According to Jake Knapp of Google Ventures – the venture capital arm of Google Inc. – the best way to foster creativity, efficiency, and passion in your team isn’t with an awesome break room, nor does it lie with entertaining inter-office activities (though those both certainly help a great deal with employee retention). It actually lies with something far simpler: a war room.
“One of the simplest tricks I’ve learned,” writes Knapp, “is that a dedicated space with walls — a war room — always helps us to do better work. The walls of a war room can extend a team’s memory, provide a canvas for shared note-taking and act as long-term storage for works in progress.” According to Knapp, there are three primary reasons war rooms work so well in the design process.
The first is that human beings have significantly better spatial memory than they do short-term memory. Jot down an encyclopedia of notes related to a particularly productive gathering, and you’ll probably have forgotten everything you wrote before the next time your team meets. If, however, you plaster all those notes on a wall around a room, you unconsciously begin to memorize where each piece of information is located, which in turn helps you to better recall the minute details. It’s the same basic principle behind the memory palace technique that ‘memory champions’ have been using for years…except that instead of existing in your mind’s eye, the ‘palace’ is situated in physical space.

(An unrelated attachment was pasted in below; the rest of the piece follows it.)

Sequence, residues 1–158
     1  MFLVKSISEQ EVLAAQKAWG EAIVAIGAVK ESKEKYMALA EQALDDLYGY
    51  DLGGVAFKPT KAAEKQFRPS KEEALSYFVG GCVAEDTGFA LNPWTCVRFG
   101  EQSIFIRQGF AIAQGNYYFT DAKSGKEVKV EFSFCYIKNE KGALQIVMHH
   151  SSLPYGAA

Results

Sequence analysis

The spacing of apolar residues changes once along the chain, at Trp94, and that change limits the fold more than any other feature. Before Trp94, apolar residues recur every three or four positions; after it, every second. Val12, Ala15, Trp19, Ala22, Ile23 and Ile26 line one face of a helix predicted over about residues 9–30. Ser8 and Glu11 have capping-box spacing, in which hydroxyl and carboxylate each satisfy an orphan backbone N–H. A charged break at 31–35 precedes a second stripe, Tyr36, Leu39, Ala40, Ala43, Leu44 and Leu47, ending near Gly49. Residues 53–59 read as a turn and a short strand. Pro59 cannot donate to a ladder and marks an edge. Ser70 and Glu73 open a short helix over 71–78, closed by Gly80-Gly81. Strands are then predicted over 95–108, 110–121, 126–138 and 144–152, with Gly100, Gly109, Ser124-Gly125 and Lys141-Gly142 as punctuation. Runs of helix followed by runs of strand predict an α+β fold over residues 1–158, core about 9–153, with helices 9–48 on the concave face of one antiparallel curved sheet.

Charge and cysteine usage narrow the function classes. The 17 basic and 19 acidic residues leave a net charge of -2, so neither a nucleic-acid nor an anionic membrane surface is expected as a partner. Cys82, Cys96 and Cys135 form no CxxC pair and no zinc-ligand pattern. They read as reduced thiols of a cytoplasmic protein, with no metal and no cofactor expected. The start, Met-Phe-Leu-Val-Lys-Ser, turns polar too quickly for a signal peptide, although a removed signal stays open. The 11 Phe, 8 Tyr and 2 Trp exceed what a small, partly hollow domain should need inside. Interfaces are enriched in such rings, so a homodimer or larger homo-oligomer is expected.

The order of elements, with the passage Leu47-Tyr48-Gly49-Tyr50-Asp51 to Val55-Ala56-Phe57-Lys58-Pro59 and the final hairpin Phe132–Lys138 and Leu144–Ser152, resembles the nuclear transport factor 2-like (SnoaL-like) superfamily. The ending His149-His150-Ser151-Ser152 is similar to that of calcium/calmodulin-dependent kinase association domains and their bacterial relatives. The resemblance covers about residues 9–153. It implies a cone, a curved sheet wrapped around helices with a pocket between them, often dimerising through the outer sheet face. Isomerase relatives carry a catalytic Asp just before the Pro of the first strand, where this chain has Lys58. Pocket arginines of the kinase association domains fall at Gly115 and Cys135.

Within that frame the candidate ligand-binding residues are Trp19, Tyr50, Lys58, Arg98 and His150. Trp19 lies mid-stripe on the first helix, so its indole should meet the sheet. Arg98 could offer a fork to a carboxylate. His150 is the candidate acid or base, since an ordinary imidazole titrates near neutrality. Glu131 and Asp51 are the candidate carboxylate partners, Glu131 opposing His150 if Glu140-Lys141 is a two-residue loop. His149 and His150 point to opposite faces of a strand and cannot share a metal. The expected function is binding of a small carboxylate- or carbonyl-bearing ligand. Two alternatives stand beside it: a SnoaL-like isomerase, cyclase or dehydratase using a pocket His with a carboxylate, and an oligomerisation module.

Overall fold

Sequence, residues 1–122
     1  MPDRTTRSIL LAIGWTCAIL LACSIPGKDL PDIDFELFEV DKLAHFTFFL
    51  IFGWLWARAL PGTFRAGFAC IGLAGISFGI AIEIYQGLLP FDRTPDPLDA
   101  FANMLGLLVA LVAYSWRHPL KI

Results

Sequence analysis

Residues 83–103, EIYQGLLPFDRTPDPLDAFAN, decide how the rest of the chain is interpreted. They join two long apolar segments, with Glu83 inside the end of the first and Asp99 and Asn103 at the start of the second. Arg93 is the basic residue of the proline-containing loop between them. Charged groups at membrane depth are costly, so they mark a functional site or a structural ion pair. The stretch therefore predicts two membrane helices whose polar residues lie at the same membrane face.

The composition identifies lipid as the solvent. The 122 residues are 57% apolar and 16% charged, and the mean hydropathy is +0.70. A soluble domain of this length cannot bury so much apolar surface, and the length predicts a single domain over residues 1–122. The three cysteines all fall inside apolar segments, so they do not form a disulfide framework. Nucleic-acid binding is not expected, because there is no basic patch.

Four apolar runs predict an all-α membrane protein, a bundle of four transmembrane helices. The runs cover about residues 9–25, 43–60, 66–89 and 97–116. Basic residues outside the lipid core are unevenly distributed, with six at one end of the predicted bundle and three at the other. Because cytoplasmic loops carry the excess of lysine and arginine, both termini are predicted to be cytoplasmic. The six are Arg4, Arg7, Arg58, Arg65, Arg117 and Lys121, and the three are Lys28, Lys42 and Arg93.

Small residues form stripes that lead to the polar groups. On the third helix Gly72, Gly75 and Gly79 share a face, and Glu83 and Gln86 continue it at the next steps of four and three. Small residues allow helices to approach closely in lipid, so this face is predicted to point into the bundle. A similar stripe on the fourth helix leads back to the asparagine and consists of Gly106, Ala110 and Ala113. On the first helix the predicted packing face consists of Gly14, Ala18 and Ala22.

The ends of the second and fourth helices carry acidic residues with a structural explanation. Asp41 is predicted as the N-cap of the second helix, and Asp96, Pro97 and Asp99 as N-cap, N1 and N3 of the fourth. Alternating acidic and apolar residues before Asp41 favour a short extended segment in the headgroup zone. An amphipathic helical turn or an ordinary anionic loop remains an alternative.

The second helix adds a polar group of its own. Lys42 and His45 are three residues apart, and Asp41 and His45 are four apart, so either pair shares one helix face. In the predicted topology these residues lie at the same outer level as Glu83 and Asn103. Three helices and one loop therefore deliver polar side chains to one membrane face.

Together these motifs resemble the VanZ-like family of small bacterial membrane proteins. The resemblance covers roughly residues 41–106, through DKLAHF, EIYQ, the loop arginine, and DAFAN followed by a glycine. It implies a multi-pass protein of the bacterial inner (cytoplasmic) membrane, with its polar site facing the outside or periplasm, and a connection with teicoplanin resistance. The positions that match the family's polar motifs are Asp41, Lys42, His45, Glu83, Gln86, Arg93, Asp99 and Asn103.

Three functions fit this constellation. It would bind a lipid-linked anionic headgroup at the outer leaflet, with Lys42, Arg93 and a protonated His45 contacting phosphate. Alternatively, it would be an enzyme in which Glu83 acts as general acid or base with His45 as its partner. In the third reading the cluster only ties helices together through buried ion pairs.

Similarly, Knapp continues, physical ideas are easier to manipulate than abstract concepts. It’s much simpler to re-order some sticky notes or re-draw a diagram than it is to rework a set of plans in our mind’s eye. Again, spatial memory is more powerful than short-term.
Lastly, war-rooms help promote shared understanding between members of a team. Every idea and decision is captured somewhere on the wall, meaning that everyone is ultimately on the same page regarding the project – as Knapp puts it, “the room is the page.” This allows for greater efficiency as well as enhanced team cohesion, regardless of how large a project happens to be.
Sounds pretty awesome, doesn’t it? Like the sort of thing virtually every organization would be tripping over itself to have?
“Unfortunately, war rooms are few and far between,” he continues. “I’m surprised by how many tech companies make space for a foosball table (fun but seldom used), yet don’t dedicate a room to their most important project.” Thankfully, it’s not terribly difficult to set one up for your staff, and in the second half of his post, Knapp goes into detail about what’s involved in setting up a war room for your organization:
- Plenty of surface area
- Dedication to projects rather than meetings.
- Whiteboards. Whiteboards everywhere.
- Flexible, easily rearranged furniture.
He goes on to further note that a conference room can easily be converted into a war room if you can’t take over an entire room, or even set up without a room if you’ve enough whiteboards. It’s all about creativity. Read Jake’s full report over at FastCoDesign.